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Friday, Nov. 21, 2014

Other side of the blame game

Posted Thursday, March 18, 2010, at 2:37 PM

I know in advance I'll probably be criticized for writing this blog, but I never backed away from potential criticism during my many years in news work.

Two things have led to my writing this blog, the Tiger Woods situation and all of the recent outrage over drugs coming into the United States from Mexico and other places.

Woods was totally wrong. I certainly don't condone his actions. But, aren't the mulititude of women who have rushed forward as if in a hurry to let everyone know they were involved Tiger just as wrong? Do they need rehab?

Apparently it's a short distance from hall of fame to hall of shame and they also crossed the line without a blush.

Have you ever stopped to consider why we have drug cartels and lesser traffickers constantly threatening our borders?

Isn't it time Americans faced up to the fact there would be no reason for all of this illegal activity if our nation didn't have a major illegal drug problem?

We see it practically daily in the Times-Gazette and on area and national television. Crime, ruined lives and huge amounts of money spent on this worthless cause are all part of the game.

Does America need to take the time to worry about destroying itself by lack of character?


Comments
Showing comments in chronological order
[Show most recent comments first]

Personally, if the TV and papers would stop glamorizing drug dealing then it probably wouldn't be as bad as it is now. Every time you see on the news or read a story about a dealer getting busted, they always tell you how much their stash was worth: $1 million, $100,000.... Some people see this amount and only care about making the money. They don't care or see all of the damage that they are causing.

But the drug problem goes much higher than the simple dealers that you read about in the paper every day.

-- Posted by PrpleHze on Thu, Mar 18, 2010, at 2:48 PM

Legalize all drugs and the majority of the drug problem wold self-correct in short order. By keeping drugs illegal, the cost of arrest, seizure of product, bribes, turf wars, and many other factors are figured into the end price. By making them legal, the price would drop instantly, and addicts would no longer need to steal or rob to support their habit. Gangs would no longer do drive-bys to protect their turf.

America should have learned this lesson during prohibition.

The fact that the majority of crimes are drug related means that a majority of judges, lawyers, police, etc. depend on drugs remaining illegal.

We have spent countless trillions on the war on drugs and what have we gotten for our money?

The average high-school student could be given $100 and come back with their drug of choice in a very short time.

As long as their is a desire for a product a market WILL be created.

Legalize it, tax it and watch crime plummet.

-- Posted by quietmike on Thu, Mar 18, 2010, at 2:54 PM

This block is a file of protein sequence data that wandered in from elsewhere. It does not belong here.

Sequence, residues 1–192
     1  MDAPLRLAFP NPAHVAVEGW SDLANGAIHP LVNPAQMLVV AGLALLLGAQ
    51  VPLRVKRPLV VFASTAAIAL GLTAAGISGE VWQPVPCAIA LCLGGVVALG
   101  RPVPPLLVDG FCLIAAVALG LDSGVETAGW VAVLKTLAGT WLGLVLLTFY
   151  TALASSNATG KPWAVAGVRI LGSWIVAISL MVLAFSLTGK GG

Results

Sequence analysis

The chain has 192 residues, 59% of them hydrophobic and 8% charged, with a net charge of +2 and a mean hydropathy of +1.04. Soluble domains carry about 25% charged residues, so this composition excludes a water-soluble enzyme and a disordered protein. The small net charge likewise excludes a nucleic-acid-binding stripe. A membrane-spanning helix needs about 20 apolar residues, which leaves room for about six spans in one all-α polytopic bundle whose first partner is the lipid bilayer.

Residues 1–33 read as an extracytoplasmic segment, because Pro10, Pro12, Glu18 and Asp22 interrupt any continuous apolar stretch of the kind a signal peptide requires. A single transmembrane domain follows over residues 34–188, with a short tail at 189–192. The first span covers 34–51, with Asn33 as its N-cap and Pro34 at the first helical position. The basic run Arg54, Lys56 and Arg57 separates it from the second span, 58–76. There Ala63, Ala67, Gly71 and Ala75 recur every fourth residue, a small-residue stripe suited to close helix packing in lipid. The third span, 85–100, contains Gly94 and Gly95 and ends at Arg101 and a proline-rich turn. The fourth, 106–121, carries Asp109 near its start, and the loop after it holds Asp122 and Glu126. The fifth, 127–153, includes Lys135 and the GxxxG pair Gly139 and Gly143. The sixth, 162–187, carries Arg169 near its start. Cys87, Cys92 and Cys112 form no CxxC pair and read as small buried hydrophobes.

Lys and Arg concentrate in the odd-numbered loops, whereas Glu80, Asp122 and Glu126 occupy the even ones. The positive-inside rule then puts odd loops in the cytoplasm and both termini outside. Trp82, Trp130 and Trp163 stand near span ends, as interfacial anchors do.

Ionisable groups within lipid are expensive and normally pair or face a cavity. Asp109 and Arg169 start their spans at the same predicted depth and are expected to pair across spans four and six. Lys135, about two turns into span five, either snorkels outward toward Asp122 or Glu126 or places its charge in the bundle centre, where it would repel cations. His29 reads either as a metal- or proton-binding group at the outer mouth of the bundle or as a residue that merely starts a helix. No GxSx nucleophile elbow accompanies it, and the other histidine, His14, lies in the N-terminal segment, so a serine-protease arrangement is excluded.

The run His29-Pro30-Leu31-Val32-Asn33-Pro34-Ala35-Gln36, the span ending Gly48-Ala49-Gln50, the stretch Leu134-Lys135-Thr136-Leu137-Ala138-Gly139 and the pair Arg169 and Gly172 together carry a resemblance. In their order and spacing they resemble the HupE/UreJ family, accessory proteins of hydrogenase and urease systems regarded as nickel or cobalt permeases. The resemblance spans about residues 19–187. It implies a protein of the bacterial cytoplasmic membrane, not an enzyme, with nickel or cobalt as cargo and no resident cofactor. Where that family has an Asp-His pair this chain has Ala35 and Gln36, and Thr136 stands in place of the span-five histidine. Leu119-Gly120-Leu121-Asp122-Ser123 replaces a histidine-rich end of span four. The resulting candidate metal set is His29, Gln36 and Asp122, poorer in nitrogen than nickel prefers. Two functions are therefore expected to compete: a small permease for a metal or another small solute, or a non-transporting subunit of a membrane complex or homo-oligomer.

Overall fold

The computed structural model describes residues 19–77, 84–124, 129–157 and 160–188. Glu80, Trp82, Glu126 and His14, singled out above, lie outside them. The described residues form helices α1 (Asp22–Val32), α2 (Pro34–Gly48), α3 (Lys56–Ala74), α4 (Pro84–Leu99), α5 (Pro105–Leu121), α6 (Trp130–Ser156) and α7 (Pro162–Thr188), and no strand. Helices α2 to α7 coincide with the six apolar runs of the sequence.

So, Johnny the crack addict and Susie the meth addict who have been robbing, stealing, killing and mugging to get their "drug of choice" are going to get jobs and cease all their illegal activities if drugs are legalized? Who knows, if drugs are legalized, I'm sure some idiot in Washington will propose a bajillion dollar entitlement program to provide them all the crack, meth and other drugs they could ever want.

-- Posted by Tim Lokey on Fri, Mar 19, 2010, at 1:17 AM

No, but the price of drugs will fall so much that they won't need to rob and steal to afford their drugs.

Al Capone would have been just another anonymous dockworker if alcohol would have been kept legal, but prohibition brought the opportunity of massive profits. It also brought what was then, extreme violence.

Study prohibition. Substitute drugs for alcohol and the lesson is already there.

-- Posted by quietmike on Fri, Mar 19, 2010, at 5:28 AM

I 100% agree with quietmike. I have never tried any illegal drug, and would not do so if they were legal, but I still think we should legalize them. If someone wants to do meth until they die, let them. Seems better than arresting them and using my tax dollars to give them food and shelter. Legalize!

Prison system is no longer overburdened.

Government can tax the sales and profits helping with the deficit.

Drug manufacturing can be regulated for safety/quality.

Creates jobs.

Prohibition failed miserably. So too will the War on Drugs.

-- Posted by Chad O on Fri, Mar 19, 2010, at 9:23 AM

Dilaudid, legal. Hydrocodone, legal. Oxycontin, legal. All three of these drugs are very legal, with an MD's prescripton, yet all 3 are sold on the street, illegally. You really don't want my opinion on the other legal drug, alcohol. I have cared for way too many "legal" addicts over the years to be conviced that legalizing meth and crack will fix our war on drugs. I fully understand that prohibition failed, but legalizing drugs will not cure anybody's addictive habit, it would just make it a legal habit.

-- Posted by Sharon22 on Fri, Mar 19, 2010, at 10:22 AM

"legalizing drugs will not cure anybody's addictive habit, it would just make it a legal habit."

of course outlawing drugs does not cure anybody's addictive habit either. it just creates a huge social cost of enforcement, incarceration, crimes to support a habit that could be supplied very cheaply, and supporting a huge illegal economy that harbors criminals and does not contribute taxes. the truth is, the efforts to control people's addictive habits by means of legislation is enormously expensive for purely symbolic returns.

-- Posted by lazarus on Fri, Mar 19, 2010, at 3:36 PM


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Bo Melson is a retired sports and police beat editor of the Times-Gazette. He passed away November 15, 2014, at age 81.
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